Angaravati, aka: Aṅgāravatī; 1 Definition(s)
Angaravati means something in Hinduism, Sanskrit. If you want to know the exact meaning, history, etymology or English translation of this term then check out the descriptions on this page. Add your comment or reference to a book if you want to contribute to this summary article.
Kathā (narrative stories)
Aṅgāravatī (अङ्गारवती) is the daughter of the asura named Aṅgāraka, and was foretold to be the future wife of Mahāsena, according to the Kathāsaritsāgara, chapter 11. Aṅgāraka broke the chariot of Mahāsena in the form of a fierce boar and fled into a cavern. Mahāsena was the son of Jayasena, son of Mahendravarman (king of Ujjayinī), but later becomae known as Caṇḍamahāsena after he made a sacrifice to Durgā.
The Kathāsaritsāgara (‘ocean of streams of story’), mentioning Aṅgāravatī, is a famous Sanskrit epic story revolving around prince Naravāhanadatta and his quest to become the emperor of the vidyādharas (celestial beings). The work is said to have been an adaptation of Guṇāḍhya’s Bṛhatkathā consisting of 100,000 verses, which in turn is part of a larger work containing 700,000 verses.(Source): Wisdom Library: Kathāsaritsāgara
Kathās (कथा) are special kind of Sanskrit literature: they are a kind of a mix between Itihāsa (historical legends) and Mahākāvya (epic poetry). Some Kathās reflect socio-political instructions for the King while others remind the reader of the historical deeds of the Gods, sages and heroes.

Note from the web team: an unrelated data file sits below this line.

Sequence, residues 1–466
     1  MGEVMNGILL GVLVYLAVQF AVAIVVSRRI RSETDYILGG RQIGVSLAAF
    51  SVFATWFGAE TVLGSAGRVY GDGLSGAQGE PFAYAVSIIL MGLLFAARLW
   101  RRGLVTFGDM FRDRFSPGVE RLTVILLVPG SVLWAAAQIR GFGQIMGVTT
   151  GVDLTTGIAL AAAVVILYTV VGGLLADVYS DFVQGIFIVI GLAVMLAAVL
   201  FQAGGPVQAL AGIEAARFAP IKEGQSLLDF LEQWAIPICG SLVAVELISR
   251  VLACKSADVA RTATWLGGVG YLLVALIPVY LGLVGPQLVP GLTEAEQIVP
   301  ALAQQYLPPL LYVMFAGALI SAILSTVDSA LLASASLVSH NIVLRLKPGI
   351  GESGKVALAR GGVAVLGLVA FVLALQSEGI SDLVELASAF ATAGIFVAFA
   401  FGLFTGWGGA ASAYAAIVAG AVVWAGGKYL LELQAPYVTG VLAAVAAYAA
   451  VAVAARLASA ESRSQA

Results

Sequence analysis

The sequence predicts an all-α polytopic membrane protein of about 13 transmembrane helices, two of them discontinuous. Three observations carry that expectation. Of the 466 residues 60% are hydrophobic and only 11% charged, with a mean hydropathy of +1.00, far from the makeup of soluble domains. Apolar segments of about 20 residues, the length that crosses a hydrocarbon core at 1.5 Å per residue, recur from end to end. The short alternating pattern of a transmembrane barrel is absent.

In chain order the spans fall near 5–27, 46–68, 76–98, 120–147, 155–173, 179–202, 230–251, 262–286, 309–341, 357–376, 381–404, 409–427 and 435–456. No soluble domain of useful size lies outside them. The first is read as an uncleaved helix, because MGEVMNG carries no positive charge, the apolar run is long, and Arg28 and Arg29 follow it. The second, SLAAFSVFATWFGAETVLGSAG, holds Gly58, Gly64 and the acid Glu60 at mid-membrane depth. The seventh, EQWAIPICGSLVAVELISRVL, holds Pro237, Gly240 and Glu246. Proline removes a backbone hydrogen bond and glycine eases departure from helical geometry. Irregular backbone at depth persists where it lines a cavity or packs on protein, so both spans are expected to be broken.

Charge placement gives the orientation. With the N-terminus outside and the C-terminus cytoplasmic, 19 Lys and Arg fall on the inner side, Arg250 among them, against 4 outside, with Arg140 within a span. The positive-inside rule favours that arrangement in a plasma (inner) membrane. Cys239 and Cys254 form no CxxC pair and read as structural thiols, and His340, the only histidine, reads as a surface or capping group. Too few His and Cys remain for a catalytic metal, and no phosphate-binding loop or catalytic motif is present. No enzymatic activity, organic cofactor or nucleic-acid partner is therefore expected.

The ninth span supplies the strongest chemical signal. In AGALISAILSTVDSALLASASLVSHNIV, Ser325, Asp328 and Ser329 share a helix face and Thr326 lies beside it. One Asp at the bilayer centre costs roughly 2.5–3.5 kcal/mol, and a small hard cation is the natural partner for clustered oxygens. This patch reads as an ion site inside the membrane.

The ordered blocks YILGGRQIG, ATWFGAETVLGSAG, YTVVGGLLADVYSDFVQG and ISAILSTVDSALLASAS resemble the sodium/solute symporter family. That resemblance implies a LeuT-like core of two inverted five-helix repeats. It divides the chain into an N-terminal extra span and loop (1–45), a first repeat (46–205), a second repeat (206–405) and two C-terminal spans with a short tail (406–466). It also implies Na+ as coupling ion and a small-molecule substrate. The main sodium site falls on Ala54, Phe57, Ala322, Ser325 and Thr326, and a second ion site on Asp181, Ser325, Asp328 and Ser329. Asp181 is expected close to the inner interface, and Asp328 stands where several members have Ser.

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Aṅgāraka (अङ्गारक) is the name of a daitya whose daughter is named Aṅgāravatī, who was foretold...
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Search found 2 books and stories containing Angaravati or Aṅgāravatī. You can also click to the full overview containing English textual excerpts. Below are direct links for the most relevant articles:
Trishashti Shalaka Purusha Caritra (by Helen M. Johnson)
Part 37: Marriage with Prahhāvatī < [Chapter II - Marriages of Vasudeva with maidens]
Part 25: Marriage with Vegavatī < [Chapter II - Marriages of Vasudeva with maidens]
Part 5: Story of the goldsmith and his five hundred wives < [Chapter VIII - Initiation of ṛṣabhadatta and devānandā]
Kathasaritsagara (the Ocean of Story) (by Somadeva)
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